Results of California Department of Fish and Game spot prawn trawl and trap fisheries bycatch observer program 2000-2001

Reilly, Paul N. and Geibel, John (2002) Results of California Department of Fish and Game spot prawn trawl and trap fisheries bycatch observer program 2000-2001. Monterey, CA, California Department of Fish and Game,

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Abstract

In 1999 trap fishermen and environmental groups testified at a Fish and Game Commission (Commission) meeting that they were concerned about high levels of bycatch in the spot prawn trawl fishery. Environmental representatives requested that the Commission consider adopting regulations that would phase out the spot prawn trawl fishery by 2004 and convert spot prawn trawl permits to spot prawn trap permits. Also in 1999 the Department reported to the Commission the results of six observed spot prawn trawl tows in March 1999, including the ratio of weight of finfish bycatch to weight of spot prawns (7.4 to 1). Based primarily on the above factors, the Commission initially directed the Department to develop, as part of a package of regulatory proposals for the spot prawn trap and trawl fisheries, a proposal to phase out the spot prawn trawl fishery and convert trawl permits to trap permits. Subsequently the Department recommended that, instead of phasing out the spot prawn trawl fishery, information on the relative amount and type of bycatch in the trawl and trap fisheries be determined through an on-board observer program. An observer fee structure was proposed and adopted, and an observer program was in effect for all vessels landing spot prawns from July 14, 2000 to March 31, 2001. Vessels were required to purchase and possess a spot prawn observer fee permit in order to take and land spot prawns. Funds from the program were used to support on board observers and to digitize and analyze the data. Some fishing trips were observed after the requirement for the observer fee had expired. A total of 86 spot prawn trawl tows (71 from northern California-based vessels and 15 from southern California- based vessels) was observed on nine vessels during the period September 26, 2000 to September 19, 2001. Observed vessels fished from the ports of Fort Bragg, San Francisco, Monterey, Morro Bay, and Ventura. For northern California trawl vessels, the top five finfish species observed in the bycatch, in decreasing frequency of occurrence, were Pacific hake (whiting), Dover sole, sablefish, English sole, and splitnose rockfish, comprising 53.9% of all fishes by weight. Twenty-eight species of rockfishes were observed, comprising 28.1% by weight of all fishes. The weight ratio of total finfish bycatch to total spot prawn catch from all tows combined was 7.5 to 1. The ratio of total rockfish bycatch to total spot prawn catch was 2.1 to 1. For southern California trawl vessels, the top five finfish species observed in the bycatch, in decreasing frequency of occurrence, were Pacific sanddab, Pacific hake, slender sole, shortbelly rockfish, and Dover sole, comprising 83.1% of all fishes by weight. Fifteen species of rockfishes were observed, comprising 8.8% by weight of all fishes. The ratio of total finfish bycatch to total spot prawn catch from all tows combined was 17.7 to 1. The ratio of total rockfish bycatch to total spot prawn catch was 1.5 to 1. The ratio of total trawl bycatch, including invertebrates, to spot prawn catch was 8.8 to 1 in northern California and 20.6 to 1 in southern California. The National Marine Fisheries Service has determined the following rockfish species to be overfished and require rebuilding: bocaccio, canary, cowcod, darkblotched, widow, and yelloweye. Bocaccio, cowcod, darkblotched, and widow rockfishes were observed in multiple tows, and yelloweye and canary each were observed in a single tow. In general, the relative abundance of overfished rockfish species was low compared with other finfishes. However, expansions by weight of finfishes from observed tows to all spot prawn tows, based on the ratio of total to observed spot prawn landings, indicated that the estimated total bycatch of overfished rockfishes was significant in terms of allowable catch levels (optimum yields) established by the Pacific Fishery Management Council (Council). Other overfished species observed in the sampled catch including Pacific hake (whiting) and lingcod. Results from these trawl observations relative to bycatch levels were consistent with the few previous studies conducted. That is, the total observed bycatch in the trawl fishery was more than four times that of spot prawns by weight. A total of 27 trap vessels paid the required observer fee, and 23 of these landed spot prawns during the period in which the observer fee was required. Passage was secured on 16 of these 23 vessels for observations of bycatch. An additional vessel that had not paid the fee was sampled after the fee requirement period had expired. A total of 262 spot prawn trap strings (88 from northern California vessels and 174 from southern California vessels) was observed from 16 vessels during the study. Observed vessels fished out of the ports of Monterey, Morro Bay, Channel Islands Harbor, Ventura, Terminal Island, Newport Beach, Dana Point, Oceanside, and San Diego. For northern California trap vessels, the top five finfish species observed in the bycatch, in decreasing frequency of occurrence, were sablefish, rosethorn rockfish, greenblotched rockfish group, spotted cusk eel, and filetail catshark, comprising 77.7% of all fishes by weight. Seventeen species of rockfishes were observed, comprising 25.5% by weight of all fishes. The ratio of total finfish bycatch to total spot prawn catch from all strings combined was 0.15 to 1. The ratio of total rockfish bycatch to total spot prawn catch was 0.04 to 1. For southern California trap vessels, the top five finfish species observed in the bycatch, in decreasing frequency of occurrence, were lingcod, greenblotched rockfish group, threadfin sculpin, sablefish, and swell shark, comprising 66.4% of all fishes by weight. Twenty-two species of rockfishes were observed, comprising 32.5% by weight of all fishes. The ratio of total finfish bycatch to total spot prawn catch from all strings combined was 0.22 to 1. The ratio of total rockfish bycatch to total spot prawn catch was 0.07 to 1. The ratio of total trap bycatch, including invertebrates, to spot prawn catch was 1.0 to 1 in northern California and 2.0 to 1 in southern California. Most invertebrates and many fish species other than rockfishes could be returned to the water alive. Overfished rockfish species were observed infrequently, and expansions of observed bycatch data to all trap strings yielded relatively low total estimated bycatch weights for these species. In northern California, the relative amount of bycatch for all finfishes and rockfishes was 50 and 52 times greater, respectively, in the trawl fishery compared with the trap fishery. In southern California, the relative amount of bycatch for all fishes and rockfishes was 80 and 21 times greater, respectively, in the trawl fishery compared with the trap fishery. (Document has 88 pages)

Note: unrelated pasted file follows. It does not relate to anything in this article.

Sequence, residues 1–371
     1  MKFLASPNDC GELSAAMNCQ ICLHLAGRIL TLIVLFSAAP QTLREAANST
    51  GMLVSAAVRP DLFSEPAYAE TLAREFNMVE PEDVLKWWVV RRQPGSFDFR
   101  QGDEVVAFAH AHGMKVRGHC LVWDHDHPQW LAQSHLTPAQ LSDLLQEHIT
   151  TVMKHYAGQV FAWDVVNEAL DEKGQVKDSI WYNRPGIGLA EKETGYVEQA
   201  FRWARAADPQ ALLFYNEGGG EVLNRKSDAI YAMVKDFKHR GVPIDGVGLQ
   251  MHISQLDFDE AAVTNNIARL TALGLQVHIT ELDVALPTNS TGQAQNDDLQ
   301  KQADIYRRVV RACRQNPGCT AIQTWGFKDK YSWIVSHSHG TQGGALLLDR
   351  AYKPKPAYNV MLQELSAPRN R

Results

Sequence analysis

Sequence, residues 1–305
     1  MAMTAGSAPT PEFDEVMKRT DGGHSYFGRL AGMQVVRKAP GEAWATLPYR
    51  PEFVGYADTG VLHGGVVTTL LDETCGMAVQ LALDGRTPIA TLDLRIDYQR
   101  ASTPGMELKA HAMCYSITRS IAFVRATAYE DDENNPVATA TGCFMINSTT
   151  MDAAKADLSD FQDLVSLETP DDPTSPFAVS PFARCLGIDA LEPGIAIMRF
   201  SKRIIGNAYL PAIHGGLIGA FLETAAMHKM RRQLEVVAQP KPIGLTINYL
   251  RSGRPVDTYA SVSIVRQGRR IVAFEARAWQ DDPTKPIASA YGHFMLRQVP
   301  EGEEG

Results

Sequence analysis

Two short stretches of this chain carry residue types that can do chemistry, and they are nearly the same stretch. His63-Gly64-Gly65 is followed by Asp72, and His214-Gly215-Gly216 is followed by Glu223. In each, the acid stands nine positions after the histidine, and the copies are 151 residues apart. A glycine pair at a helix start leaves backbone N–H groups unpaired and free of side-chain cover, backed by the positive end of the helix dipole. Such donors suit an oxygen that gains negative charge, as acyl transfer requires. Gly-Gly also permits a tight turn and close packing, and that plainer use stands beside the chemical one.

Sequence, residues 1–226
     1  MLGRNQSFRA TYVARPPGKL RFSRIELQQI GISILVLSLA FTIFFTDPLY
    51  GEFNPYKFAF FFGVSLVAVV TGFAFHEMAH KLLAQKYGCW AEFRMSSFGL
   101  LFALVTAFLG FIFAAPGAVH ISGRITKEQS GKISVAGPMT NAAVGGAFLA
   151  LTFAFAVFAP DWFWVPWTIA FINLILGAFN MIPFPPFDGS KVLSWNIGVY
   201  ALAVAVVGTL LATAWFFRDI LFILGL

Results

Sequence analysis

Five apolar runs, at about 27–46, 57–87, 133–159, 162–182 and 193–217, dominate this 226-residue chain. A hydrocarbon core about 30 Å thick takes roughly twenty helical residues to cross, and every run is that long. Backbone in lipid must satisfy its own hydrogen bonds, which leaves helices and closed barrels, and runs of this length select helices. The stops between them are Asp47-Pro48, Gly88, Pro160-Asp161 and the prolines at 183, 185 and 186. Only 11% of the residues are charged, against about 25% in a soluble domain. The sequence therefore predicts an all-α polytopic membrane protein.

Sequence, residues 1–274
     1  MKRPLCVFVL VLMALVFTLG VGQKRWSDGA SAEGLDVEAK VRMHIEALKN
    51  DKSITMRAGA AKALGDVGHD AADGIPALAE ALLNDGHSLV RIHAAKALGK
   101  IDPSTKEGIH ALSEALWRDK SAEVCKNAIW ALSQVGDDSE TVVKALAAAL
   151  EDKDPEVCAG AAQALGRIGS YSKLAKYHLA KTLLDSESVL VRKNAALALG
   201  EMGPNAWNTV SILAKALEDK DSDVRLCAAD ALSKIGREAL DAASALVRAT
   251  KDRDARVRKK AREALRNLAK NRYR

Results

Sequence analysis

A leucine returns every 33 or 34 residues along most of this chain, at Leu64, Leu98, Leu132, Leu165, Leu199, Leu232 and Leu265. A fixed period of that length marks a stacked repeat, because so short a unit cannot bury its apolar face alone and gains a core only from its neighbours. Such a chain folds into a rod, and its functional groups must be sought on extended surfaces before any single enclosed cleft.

Item Type: Monograph or Serial Issue
Title: Results of California Department of Fish and Game spot prawn trawl and trap fisheries bycatch observer program 2000-2001
Personal Creator/Author:
CreatorsEmail
Reilly, Paul N.
Geibel, John
Date: 2002
Publisher: California Department of Fish and Game
Place of Publication: Monterey, CA
Uncontrolled Keywords: bycatch; trawl fishery; trap fishery; spot prawns; California
Subjects: Management
Fisheries
Biology
Item ID: 481
Depositing User: Joan Parker
Date Deposited: 11 Jan 2008 16:26
Last Modified: 29 Sep 2011 21:59
URI: http://aquaticcommons.org/id/eprint/481